Another major point of interest in this experience were my fellow jurors. To my mind, the responsibility that had been placed upon our collective shoulders was immense. We had to decide another human being’s guilt or innocence. Depending upon our verdict that individual would then lose their liberty. I was concerned as to whether everyone else took the task in hand as seriously as I did. Thankfully they all did. In fact, the integrity of my fellow jurors did much to restore my dwindling faith in humanity. There was individual who I did think lacked the necessary rigour to undertake the task. Their attention would frequently wander and they had a propensity for garrulous inanities. However, they seemed to be content to go with the flow, which was essentially missing the point of jury service but it did make the proceeding a lot easy. Another gentleman sadly, took umbrage at some poorly phrased comments by fellow jurors which he felt were racially biased. He then decided to take a particular stance irrespective of the facts of the case, on a matter principle. There were also two other jurors who reached their positions regarding the verdict a little too quickly in my view and I suspect that where driven more by emotion, rather than the facts and logical thinking.
The case ran for two weeks and we spent three days deliberating our overall verdict. I was initially sceptical of guilty verdict. The CCTV footage was incomplete, as a key camera had failed on the bus and therefore didn’t provide essential footage. However, it was the forensic evidence that convinced me otherwise. Combined with the witness testimony and the CCTV footage which we did have, the facts indicated that the accused had struck first and not in self-defence. Furthermore, the nature of the injury demonstrated a level of force that could not be classified as anything other than deadly. Thus, we arrived at a verdict of guilty by eleven votes to one. The judge then thanked us for our service and gave us the option of being dismissed. However, due to unusual circumstances, the judge decided to pass sentence of the defendant that same day. The majority of the jury felt that as we had seen fit to reach this verdict, we should stay for the sentencing. So, eleven of us remained and listened to the judge pass sentence. The defendant although sixteen years old had been a minor when the offense took place. Therefore, a plethora of Home Office rules had to be applied which tempered the judge’s verdict. One consideration was that the defendant had spent nearly a year in a young offender’s unit, awaiting trial. The final sentence was seven years. Four years on, with “good behaviour”, the defendant may well now be eligible for parole.
I could write a lot more about this experience but I that’s not really practical. Plus, I guess even four years on I shouldn’t really give too many specifics of the case away. We were bound to silence at the time of the trial for obvious reasons. However, there are a few more random points that I would briefly like to make. It is often said that the senior judiciary in the UK are old and out of touch but this was not the case in this instance. This particular QC was worldly and understanding. He was very aware that due to the nature of the case, the defendant as well as many of the witnesses were young and may be intimidated by the formality of the court. He therefore waived a lot of the traditional trappings of the courts conduct to provide a more accommodating environment. Another thing that impressed me was the efficiency of the courts themselves. Considering the fluid nature of their work, they coped very well with managing the logistics. Oh and here’s a fun anecdote; one juror on another case was apparently always late back from lunch. Finally, after their third warning, the judge asked why they were late. “I bought a new coat in the sales. I save nearly a hundred pounds” they replied. And that is the amount they were subsequently fined for wasting the courts time.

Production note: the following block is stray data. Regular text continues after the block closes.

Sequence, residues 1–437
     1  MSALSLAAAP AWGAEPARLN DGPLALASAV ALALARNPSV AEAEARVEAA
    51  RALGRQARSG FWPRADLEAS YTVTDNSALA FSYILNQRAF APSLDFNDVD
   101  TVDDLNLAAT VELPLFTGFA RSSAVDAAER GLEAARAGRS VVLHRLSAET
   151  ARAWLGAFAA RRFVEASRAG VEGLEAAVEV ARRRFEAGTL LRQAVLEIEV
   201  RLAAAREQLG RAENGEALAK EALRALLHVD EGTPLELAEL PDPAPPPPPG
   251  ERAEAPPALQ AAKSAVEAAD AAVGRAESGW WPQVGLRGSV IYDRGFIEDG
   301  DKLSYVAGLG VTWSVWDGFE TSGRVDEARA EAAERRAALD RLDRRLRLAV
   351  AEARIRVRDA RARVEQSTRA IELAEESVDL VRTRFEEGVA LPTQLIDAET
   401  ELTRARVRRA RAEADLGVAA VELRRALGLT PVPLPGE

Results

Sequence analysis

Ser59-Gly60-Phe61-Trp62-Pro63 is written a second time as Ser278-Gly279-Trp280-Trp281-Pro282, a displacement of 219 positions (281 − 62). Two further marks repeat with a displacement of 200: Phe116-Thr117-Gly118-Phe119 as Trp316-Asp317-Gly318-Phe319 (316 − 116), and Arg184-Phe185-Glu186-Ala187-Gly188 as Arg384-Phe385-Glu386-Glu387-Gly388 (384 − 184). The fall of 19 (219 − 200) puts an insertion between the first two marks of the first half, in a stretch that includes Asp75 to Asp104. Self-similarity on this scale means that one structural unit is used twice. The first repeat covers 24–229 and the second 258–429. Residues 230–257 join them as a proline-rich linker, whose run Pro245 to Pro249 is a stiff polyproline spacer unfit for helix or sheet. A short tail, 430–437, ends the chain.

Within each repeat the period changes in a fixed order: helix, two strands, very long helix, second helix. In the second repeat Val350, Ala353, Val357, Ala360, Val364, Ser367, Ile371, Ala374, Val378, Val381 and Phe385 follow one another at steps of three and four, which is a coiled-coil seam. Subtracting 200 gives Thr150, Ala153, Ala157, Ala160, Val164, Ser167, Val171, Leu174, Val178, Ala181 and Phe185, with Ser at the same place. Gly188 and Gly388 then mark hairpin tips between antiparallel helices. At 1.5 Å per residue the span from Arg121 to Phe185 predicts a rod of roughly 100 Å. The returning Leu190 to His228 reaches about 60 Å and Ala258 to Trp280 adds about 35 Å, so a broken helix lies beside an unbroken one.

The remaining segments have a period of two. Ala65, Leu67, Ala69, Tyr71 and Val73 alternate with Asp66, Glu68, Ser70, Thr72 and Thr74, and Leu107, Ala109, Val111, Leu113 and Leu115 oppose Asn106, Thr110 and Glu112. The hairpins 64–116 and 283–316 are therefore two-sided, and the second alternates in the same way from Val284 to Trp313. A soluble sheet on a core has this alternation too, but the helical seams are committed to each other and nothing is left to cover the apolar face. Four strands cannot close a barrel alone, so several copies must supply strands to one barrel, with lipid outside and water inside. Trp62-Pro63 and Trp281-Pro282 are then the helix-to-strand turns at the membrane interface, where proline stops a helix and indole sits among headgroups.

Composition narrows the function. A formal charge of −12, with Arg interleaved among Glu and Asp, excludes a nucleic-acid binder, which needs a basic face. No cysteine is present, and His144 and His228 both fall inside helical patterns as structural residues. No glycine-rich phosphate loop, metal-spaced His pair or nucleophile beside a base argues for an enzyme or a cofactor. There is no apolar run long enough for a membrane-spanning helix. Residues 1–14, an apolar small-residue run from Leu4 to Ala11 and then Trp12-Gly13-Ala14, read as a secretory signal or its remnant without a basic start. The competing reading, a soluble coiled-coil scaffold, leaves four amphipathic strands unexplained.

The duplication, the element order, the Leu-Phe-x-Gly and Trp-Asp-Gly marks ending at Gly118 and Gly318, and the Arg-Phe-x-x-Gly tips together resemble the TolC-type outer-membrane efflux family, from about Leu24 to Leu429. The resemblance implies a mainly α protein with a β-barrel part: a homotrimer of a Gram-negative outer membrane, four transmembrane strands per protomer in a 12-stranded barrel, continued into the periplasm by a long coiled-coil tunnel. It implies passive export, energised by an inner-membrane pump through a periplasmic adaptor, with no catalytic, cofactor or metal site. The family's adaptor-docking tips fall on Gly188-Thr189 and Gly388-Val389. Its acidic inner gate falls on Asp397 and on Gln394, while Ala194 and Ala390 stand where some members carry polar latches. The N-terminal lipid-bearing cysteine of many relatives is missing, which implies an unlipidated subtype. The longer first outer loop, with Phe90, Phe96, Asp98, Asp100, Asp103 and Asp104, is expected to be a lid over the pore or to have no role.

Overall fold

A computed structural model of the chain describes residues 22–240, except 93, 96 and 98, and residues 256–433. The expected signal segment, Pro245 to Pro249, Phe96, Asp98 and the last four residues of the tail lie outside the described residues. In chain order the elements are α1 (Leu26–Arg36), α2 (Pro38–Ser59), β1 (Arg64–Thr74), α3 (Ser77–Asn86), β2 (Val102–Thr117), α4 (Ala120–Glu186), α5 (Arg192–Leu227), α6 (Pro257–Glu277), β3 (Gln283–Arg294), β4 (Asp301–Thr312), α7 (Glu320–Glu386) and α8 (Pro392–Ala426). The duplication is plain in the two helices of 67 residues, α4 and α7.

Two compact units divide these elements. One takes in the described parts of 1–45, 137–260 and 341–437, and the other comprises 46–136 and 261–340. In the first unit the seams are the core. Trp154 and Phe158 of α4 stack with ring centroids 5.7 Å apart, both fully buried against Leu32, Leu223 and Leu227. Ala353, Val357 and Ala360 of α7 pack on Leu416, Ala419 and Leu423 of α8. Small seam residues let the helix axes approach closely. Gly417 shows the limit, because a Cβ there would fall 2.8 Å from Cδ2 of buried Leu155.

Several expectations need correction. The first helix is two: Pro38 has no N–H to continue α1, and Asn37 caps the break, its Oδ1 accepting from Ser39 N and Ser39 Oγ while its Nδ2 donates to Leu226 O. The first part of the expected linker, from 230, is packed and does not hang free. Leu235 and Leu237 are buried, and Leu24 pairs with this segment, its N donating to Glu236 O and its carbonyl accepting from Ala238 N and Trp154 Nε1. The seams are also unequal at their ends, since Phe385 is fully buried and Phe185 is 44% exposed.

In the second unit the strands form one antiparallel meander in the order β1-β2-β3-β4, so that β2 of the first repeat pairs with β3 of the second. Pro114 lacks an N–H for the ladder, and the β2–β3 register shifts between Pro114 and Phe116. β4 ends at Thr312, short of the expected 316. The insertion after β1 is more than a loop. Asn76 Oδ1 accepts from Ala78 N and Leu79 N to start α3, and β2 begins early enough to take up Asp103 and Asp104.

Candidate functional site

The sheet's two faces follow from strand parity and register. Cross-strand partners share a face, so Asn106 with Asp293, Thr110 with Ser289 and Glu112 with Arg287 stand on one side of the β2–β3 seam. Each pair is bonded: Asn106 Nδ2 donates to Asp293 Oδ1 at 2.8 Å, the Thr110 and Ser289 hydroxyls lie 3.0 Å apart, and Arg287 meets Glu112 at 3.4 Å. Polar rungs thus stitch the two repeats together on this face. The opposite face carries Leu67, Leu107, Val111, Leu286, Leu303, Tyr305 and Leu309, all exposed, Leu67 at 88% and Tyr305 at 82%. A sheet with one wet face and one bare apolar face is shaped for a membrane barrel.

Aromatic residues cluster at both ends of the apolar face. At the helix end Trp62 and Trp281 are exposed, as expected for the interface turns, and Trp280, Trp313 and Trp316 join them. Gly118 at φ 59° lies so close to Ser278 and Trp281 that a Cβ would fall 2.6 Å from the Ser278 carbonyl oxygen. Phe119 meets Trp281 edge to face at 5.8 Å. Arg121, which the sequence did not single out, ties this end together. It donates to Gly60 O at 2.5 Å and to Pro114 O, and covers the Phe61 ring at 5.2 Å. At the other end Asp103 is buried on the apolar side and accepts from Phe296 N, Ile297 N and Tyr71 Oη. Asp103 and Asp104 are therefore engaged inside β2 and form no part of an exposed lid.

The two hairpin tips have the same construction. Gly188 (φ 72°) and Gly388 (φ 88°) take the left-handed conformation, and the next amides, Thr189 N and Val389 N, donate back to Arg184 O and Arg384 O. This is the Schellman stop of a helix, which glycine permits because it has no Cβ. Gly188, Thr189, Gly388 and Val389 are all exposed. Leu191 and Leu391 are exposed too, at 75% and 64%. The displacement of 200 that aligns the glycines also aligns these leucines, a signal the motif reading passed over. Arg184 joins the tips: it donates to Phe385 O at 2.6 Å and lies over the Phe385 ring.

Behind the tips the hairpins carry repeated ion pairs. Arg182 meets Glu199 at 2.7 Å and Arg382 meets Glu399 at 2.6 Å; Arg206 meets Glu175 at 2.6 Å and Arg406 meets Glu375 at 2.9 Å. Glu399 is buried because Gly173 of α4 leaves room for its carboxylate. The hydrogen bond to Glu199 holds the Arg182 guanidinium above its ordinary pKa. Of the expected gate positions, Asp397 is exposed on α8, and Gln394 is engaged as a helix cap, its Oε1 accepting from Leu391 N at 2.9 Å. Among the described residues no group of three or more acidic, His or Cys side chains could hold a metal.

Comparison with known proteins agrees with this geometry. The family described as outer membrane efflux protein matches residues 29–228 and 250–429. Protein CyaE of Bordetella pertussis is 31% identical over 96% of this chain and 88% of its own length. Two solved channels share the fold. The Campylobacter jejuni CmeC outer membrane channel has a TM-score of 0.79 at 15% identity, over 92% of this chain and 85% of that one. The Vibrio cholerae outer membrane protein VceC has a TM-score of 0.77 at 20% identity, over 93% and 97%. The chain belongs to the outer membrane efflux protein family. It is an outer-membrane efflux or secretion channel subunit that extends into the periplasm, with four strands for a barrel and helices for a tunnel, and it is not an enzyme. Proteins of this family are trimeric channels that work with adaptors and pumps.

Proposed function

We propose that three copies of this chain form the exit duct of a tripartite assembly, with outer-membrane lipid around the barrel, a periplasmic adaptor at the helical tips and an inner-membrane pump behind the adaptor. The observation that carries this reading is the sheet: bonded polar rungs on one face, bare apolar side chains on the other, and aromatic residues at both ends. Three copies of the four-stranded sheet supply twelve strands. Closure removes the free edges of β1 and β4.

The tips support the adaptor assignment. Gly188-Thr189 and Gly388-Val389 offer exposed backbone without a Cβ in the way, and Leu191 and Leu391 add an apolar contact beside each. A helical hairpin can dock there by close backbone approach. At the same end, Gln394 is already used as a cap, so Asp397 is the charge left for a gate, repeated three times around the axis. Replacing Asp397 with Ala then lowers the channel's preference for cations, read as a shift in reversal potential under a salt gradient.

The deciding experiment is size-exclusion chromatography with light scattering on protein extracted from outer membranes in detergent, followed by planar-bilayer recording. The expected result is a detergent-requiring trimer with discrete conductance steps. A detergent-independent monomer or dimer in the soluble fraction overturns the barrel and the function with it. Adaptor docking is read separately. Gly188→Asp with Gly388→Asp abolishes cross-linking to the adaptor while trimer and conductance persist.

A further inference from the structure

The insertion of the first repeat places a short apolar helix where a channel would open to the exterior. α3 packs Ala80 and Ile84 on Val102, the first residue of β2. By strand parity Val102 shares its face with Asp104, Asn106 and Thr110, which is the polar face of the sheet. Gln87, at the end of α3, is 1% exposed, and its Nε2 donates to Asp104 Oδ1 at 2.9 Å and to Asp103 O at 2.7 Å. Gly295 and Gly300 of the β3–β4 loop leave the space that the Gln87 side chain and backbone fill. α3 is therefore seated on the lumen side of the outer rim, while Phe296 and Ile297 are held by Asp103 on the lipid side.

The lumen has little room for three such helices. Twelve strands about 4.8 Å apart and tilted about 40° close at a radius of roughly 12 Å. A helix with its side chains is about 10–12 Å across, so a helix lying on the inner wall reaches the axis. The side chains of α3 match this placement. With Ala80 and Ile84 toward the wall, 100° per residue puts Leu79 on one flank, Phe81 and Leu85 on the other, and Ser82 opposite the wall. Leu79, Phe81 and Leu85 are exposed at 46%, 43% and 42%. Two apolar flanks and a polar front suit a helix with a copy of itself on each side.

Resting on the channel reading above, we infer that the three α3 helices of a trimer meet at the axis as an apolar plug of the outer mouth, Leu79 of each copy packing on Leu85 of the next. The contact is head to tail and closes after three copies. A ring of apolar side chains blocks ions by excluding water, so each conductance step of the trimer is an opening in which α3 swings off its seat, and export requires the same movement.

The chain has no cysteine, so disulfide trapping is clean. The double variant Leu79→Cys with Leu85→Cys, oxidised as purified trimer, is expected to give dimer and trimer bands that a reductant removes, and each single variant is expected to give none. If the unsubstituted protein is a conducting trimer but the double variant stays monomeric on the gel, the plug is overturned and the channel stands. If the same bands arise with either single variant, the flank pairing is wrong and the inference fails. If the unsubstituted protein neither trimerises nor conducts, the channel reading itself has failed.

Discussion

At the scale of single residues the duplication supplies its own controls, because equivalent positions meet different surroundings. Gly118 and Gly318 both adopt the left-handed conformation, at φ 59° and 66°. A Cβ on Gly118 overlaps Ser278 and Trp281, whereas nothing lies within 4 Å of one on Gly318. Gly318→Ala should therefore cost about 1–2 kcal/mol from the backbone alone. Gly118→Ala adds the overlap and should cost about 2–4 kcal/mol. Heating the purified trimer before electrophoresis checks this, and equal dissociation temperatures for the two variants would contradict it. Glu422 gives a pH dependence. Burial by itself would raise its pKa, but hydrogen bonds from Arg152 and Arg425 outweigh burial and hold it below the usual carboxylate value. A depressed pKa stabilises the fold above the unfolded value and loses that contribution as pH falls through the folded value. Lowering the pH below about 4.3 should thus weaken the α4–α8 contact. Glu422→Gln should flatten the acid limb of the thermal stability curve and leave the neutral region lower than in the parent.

Four years on, every now and then I still reflect upon my time on jury service. We live in troubling times and I have a somewhat sceptical outlook upon life and many of its major institutions. However, I found jury service to be a positive experience. The people I served with were a diverse but sound group of individuals. I felt that we did do the right thing by returning a guilty verdict and that justice was served. However, I cannot help but feel that there were no winners in this particular situation. The whole case, which I am not at liberty to describe in further detail, was an utter tragedy. If one chooses to stand back and look at the wider picture, both parties involved were a microcosm of so many of the social ills that blight this country. That however, is a much bigger discussion and not one I shall embark upon here. So, I’ll end this post as I started it, with the subject of “civic duty”. Having seen first-hand how the courts works, as well as how jurors still to this day take their role seriously, I believe that the system that we have in place is still inherently sound. It’s not perfect and I’m sure much can be done to improve it. Yet until we as a society come up with something better, I think we should stick with it. So if you ever get asked to participate, I would urge you to do it. It is both socially responsible and a very sobering persoanl experience.